Knocking in driver side wheel area


#1

I have a 2000 Monte Carlo. I recently noticed a knocking sound in the driver side wheel area whenever I pull off or make turns. My mechanic said it was my rack & pinion bushing & that the whole rack had to be replaced, I just had it replaced last yr. So I get it replaced & it’s still making the noise. Brakes & rotors were replaced in March as well the struts. The tie rods were replaced last in 2014. I don’t know what to do now. Does anyone have an idea of what I can do?


#2

Since none of us can do anything more than speculate about the cause of the problem, you really need to get a new mechanic, as your current mechanic just appears to be throwing expensive parts at the problem. Have the new mechanic check the ball joints, and everything else in the front end, + the CV joints. Bad motor mounts and/or transmission mounts are also a possibility.

If you don’t know which new mechanic to go to, you might want to use the Mechanics Files link at the top of this page. This will bring you to a database that you can search by zip code.

With any luck, this may just turn out to be a loose exhaust pipe that is hitting the underside of the chassis.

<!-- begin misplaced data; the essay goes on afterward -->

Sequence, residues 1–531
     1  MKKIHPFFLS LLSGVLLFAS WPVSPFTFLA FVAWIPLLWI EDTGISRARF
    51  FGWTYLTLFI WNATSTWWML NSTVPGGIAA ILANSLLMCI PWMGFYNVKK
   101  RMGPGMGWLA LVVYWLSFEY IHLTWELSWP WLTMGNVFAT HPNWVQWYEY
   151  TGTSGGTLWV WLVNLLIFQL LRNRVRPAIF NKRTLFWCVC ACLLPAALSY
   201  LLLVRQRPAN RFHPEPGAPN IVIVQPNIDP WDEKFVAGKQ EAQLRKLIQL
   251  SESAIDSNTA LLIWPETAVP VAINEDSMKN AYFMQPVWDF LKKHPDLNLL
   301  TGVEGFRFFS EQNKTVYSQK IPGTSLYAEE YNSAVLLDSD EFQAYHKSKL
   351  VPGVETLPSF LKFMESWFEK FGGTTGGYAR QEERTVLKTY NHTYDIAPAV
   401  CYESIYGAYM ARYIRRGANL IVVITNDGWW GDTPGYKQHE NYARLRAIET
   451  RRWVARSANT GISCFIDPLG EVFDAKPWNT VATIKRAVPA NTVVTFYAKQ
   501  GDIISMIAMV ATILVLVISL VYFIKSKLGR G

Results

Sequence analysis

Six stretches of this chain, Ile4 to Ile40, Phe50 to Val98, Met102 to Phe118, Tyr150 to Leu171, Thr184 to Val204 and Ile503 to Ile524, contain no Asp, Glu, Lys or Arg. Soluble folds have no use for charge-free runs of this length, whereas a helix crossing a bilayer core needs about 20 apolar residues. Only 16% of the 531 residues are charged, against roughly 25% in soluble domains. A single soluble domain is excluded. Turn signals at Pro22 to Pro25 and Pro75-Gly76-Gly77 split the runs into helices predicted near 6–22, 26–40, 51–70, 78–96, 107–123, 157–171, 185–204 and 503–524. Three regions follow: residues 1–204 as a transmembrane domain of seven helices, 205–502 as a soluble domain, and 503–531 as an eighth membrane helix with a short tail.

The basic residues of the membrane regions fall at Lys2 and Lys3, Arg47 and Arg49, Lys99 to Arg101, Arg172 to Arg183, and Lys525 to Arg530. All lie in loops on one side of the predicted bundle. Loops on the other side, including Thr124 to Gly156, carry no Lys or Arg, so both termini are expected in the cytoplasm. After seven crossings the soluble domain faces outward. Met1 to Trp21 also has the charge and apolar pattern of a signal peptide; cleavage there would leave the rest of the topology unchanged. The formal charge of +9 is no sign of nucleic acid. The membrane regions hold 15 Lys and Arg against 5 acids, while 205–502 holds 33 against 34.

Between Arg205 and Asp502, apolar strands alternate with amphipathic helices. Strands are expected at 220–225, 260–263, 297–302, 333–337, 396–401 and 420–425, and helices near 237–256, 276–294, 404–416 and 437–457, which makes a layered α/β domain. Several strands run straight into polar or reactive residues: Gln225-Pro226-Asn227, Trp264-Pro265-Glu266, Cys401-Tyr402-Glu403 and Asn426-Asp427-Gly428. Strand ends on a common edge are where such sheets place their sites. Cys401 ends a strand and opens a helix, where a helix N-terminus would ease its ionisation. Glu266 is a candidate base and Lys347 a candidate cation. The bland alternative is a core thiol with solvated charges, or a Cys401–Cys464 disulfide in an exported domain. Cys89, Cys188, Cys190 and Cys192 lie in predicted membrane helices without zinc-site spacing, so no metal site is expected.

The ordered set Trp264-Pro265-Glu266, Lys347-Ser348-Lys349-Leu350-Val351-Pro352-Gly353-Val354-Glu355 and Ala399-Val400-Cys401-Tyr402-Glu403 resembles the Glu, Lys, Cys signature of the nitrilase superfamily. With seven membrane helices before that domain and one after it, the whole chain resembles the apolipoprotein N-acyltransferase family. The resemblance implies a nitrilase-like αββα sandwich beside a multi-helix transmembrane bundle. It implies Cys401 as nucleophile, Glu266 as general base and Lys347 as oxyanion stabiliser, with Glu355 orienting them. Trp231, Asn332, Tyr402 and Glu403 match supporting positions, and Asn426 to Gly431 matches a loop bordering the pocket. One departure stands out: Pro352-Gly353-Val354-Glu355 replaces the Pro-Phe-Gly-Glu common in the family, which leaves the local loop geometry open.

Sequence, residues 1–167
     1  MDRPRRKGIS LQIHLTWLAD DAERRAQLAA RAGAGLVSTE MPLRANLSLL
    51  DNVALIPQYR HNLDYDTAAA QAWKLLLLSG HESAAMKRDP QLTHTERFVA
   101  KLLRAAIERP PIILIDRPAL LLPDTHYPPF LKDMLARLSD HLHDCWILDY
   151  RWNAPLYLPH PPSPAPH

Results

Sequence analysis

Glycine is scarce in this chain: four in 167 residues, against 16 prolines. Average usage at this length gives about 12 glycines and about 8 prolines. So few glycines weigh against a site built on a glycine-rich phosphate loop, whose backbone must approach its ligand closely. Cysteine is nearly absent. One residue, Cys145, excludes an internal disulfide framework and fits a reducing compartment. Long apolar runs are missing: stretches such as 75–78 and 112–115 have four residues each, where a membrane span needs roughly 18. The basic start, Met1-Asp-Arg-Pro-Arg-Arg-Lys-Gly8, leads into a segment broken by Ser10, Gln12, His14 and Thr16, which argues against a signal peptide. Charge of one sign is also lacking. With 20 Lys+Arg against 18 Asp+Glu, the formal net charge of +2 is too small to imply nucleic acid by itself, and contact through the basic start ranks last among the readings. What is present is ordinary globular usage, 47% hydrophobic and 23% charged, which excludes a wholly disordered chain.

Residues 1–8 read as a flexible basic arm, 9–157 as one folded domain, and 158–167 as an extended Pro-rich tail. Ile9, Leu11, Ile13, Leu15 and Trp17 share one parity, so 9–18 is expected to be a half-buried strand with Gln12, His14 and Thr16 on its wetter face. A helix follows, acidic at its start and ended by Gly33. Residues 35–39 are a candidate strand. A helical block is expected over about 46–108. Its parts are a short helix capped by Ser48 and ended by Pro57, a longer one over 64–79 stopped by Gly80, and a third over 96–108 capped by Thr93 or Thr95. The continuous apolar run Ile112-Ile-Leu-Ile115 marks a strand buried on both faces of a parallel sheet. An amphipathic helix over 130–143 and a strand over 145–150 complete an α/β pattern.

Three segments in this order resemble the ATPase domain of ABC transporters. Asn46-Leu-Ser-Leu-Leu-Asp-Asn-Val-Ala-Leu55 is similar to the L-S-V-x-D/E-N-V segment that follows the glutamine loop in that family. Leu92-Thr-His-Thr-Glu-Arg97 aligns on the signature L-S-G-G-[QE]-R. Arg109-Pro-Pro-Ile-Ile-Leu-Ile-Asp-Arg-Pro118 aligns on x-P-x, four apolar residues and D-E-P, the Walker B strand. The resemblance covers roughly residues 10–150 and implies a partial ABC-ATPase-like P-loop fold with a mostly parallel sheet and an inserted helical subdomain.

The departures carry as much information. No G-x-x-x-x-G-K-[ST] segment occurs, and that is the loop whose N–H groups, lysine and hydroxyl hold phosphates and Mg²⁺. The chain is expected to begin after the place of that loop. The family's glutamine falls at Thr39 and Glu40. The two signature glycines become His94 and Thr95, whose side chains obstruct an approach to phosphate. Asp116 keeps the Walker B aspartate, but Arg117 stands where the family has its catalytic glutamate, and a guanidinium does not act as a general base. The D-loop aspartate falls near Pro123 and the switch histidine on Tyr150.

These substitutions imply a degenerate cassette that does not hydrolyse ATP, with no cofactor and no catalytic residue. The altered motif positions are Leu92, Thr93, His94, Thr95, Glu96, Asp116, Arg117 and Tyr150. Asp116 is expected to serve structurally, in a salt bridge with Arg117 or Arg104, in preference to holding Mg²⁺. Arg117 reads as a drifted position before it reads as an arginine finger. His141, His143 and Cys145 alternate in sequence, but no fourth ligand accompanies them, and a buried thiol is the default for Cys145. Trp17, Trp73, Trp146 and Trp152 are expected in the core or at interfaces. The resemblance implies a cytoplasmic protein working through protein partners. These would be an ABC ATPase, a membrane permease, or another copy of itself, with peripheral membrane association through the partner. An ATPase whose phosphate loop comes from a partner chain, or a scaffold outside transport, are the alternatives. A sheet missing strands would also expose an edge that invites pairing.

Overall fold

#3

Does this knock sound only occur once per episode or is it a repeated series of knocks; say 4 or 5 in a rapid manner?

The possible causes could be narrowed down a bit based on knowing that bit of information.


#4

A-arm bushings. Anti-sway bar end links. Sway bar bushings. Broken end of sway bar. Happens often on GM cars that use pressed end tube sway bar design.


#5

If this happens while you are turning the steering wheel left or right but not while you are holding the steering wheel stationary it is probably a binding steering intermediate shaft. A really simple fix is to inject some really thick oil (not grease) into the hollow shaft. To get at it pull back the bellows at the base of the steering column and you will see a small universal joint. Inject the oil into the inside of the hollow shaft that is just below the u-joint. This really works great.

This is if you are hearing a series of several knocks as @ok4450 alluded to.


#6

The description sounds more like an inner CV joint to me.
Inner CV joints are made with a trifurcated (three-pronged) assemblage with a bearing on each prong that rides in a grooved housing. One of their two primary functions is to freely allow the axle to get longer & shorter as the steering knuckle goes through it’s movements. It does this by the prongs with the bearings sliding back & forth in the housing grooves. Sometimes the pronged assembly wears its own grooves in the housing, and when the axle tries to change length when turning the assembly fights the movement, trying to stay in its grooves. That makes knocking noises.


#7

I’ve always found when a knocking noise occurs while turning it’s a worn outer CV-joint as it’s the articulating CV-joint.